This opinion will be unpublished and
may not be cited except as provided by
Minn. Stat. § 480A.08, subd. 3 (2006).
IN COURT OF APPEALS
Nelson W. Womack,
John Does 1-5,
Filed May 15, 2007
Hennepin County District Court
File No. 27-CV-05-016598
Jill Clark, Jill Clark, P.A.,
Karin E. Peterson, Ann E. Walther, Rice, Michels & Walther, LLP, 10 Second Street N.E., Suite 206, Minneapolis, MN 55413 (for respondent Minneapolis Park and Recreation Board)
Duane G. Johnson, Duane G.
Considered and decided by Stoneburner, Presiding Judge; Shumaker, Judge; and Crippen, Judge.*
U N P U B L I S H E D O P I N I O N
Appellant challenges the district court’s dismissal of his petition to vacate an arbitration award and his common-law fraud claim. Appellant argues that the district court erred by finding that (1) he lacked standing to vacate the arbitration award, (2) he was required and failed to file a timely motion to vacate the award, (3) his petition to vacate the award does not state a claim upon which relief may be granted, and (4) his common-law fraud claim against the respondent Park Board fails to state a claim because it is an improper attempt to vacate the award. Because appellant lacks standing to vacate the arbitration award and because he failed to state a claim of fraud against the Park Board, we affirm.
Appellant Nelson Womack worked for
In September 2002, Womack signed out a Park Board van, and it was involved in a hit-and-run accident. The Park Board discharged Womack the following month. Respondent Minneapolis Professional Employees Association (MPEA), Womack’s labor union, filed a grievance on his behalf under a collective-bargaining agreement (CBA) with the Park Board.
The grievance proceeded to arbitration. The CBA states that an arbitrator’s decision is “final and binding” and that “the grievance and arbitration procedures . . . are the sole and exclusive means of resolving all grievances arising under [the CBA].” The arbitrator explained that Womack knowingly failed to maintain a valid driver’s license and that he bore some responsibility for the Park Board van involved in the hit-and-run accident. The arbitrator dismissed Womack’s grievance, finding that Womack’s conduct amounted to “a level of negligence equivalent to misconduct . . .  [that] constitutes just cause for discharge.” MPEA informed Womack that it would not appeal.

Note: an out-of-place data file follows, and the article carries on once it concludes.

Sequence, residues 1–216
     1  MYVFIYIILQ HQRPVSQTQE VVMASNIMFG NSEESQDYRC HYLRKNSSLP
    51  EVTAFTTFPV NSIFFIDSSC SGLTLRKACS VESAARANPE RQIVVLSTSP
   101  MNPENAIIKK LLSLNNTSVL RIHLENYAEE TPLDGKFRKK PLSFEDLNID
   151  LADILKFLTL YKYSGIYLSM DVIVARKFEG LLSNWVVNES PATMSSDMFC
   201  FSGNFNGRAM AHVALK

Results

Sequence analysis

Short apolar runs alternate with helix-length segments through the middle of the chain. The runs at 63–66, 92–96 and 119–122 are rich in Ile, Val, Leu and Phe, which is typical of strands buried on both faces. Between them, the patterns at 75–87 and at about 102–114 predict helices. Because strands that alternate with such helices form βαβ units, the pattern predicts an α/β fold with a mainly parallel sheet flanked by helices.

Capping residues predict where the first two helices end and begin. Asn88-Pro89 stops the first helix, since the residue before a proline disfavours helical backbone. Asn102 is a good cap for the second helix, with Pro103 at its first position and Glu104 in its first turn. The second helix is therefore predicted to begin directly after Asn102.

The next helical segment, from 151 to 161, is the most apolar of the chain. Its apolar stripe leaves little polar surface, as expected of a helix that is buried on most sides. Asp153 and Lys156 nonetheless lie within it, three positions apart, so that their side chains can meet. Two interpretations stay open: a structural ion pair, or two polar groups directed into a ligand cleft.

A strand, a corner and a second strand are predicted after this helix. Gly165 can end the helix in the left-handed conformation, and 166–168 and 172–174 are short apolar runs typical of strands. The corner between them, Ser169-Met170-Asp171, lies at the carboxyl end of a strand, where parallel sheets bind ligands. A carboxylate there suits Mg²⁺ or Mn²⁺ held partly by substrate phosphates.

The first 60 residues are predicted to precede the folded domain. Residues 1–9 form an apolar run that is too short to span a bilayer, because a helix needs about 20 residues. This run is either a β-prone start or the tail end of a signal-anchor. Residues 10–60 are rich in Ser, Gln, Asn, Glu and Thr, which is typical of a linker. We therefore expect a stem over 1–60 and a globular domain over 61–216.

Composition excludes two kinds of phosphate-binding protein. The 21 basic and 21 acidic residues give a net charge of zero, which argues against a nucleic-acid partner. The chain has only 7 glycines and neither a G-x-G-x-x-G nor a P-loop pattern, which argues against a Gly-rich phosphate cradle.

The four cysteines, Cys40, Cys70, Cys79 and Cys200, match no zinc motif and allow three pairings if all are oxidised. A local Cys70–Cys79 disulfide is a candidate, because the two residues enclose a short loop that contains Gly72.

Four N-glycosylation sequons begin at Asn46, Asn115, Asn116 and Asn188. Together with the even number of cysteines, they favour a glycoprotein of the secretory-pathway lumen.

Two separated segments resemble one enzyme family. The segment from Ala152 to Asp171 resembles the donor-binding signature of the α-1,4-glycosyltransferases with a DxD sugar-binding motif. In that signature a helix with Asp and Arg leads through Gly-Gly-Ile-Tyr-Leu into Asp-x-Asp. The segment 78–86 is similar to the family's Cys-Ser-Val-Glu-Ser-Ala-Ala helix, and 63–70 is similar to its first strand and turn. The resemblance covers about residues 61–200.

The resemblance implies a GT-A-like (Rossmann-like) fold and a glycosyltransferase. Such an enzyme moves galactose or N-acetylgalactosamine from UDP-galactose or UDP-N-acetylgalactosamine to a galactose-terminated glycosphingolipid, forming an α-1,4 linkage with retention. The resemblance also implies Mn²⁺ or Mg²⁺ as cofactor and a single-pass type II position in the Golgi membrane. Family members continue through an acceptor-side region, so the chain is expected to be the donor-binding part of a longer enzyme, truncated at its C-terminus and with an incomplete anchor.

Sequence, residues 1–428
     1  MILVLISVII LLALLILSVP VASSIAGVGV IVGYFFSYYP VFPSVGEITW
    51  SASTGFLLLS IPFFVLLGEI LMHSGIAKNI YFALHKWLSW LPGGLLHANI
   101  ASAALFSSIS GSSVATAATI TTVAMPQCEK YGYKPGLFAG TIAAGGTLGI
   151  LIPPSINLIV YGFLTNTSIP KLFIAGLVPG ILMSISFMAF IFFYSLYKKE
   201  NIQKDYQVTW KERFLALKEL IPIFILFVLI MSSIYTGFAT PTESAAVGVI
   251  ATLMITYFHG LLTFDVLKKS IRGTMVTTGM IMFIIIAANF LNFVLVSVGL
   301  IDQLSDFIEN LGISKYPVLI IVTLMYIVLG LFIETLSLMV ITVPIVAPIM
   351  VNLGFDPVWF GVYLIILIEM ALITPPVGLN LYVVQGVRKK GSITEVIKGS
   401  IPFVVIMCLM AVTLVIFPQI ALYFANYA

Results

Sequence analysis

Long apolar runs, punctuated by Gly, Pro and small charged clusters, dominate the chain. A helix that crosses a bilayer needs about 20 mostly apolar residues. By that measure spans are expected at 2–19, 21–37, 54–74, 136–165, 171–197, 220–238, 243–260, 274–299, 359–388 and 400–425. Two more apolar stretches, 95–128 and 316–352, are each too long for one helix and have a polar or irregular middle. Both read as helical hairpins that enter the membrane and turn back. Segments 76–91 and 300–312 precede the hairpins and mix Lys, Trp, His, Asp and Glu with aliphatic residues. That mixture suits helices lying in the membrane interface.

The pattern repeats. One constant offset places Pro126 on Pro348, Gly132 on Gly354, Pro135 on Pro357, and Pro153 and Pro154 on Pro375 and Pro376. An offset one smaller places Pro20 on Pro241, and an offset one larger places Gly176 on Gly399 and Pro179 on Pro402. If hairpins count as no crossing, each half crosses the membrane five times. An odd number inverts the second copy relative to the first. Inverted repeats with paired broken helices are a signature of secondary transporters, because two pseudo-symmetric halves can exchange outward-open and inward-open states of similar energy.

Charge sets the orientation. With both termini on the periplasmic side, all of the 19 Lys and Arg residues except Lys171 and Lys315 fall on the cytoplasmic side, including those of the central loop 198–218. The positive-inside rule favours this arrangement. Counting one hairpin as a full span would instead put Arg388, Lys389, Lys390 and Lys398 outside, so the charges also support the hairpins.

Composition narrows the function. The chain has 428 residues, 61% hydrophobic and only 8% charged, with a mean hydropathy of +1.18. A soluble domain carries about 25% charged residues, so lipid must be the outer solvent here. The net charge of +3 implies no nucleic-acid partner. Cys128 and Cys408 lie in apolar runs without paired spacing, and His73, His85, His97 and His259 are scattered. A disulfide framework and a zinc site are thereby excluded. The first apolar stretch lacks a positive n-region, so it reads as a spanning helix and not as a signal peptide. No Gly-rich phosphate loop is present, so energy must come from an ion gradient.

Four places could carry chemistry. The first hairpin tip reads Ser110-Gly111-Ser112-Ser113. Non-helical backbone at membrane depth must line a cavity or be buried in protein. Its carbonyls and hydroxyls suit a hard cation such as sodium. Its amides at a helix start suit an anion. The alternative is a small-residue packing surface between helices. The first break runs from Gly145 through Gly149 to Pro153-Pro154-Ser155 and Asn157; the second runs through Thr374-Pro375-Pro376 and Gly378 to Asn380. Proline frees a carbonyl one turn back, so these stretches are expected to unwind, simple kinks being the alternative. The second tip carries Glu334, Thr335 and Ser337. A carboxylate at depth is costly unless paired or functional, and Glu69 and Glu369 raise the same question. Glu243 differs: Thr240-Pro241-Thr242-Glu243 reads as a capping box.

Over two years later Womack filed a “petition to vacate the arbitration award and complaint” in district court but never filed a motion to vacate. Womack alleged that the Park Board intentionally removed two pages from a police report involving the hit-and-run accident with the Park Board van and that information in the missing pages would have affected the arbitrator’s decision. Womack alleged that he discovered that the pages were missing in July 2005, and filed his petition within 90 days thereafter. Womack claimed to assert a “hybrid” cause of action, alleging that MPEA breached its duty of fair representation by refusing to appeal and that the Park Board breached the CBA.
The MPEA and Park Board moved to dismiss Womack’s claims for failing to state a claim upon which relief may be granted. Womack then served an amended petition and complaint that included a separate fraud claim against the Park Board seeking damages.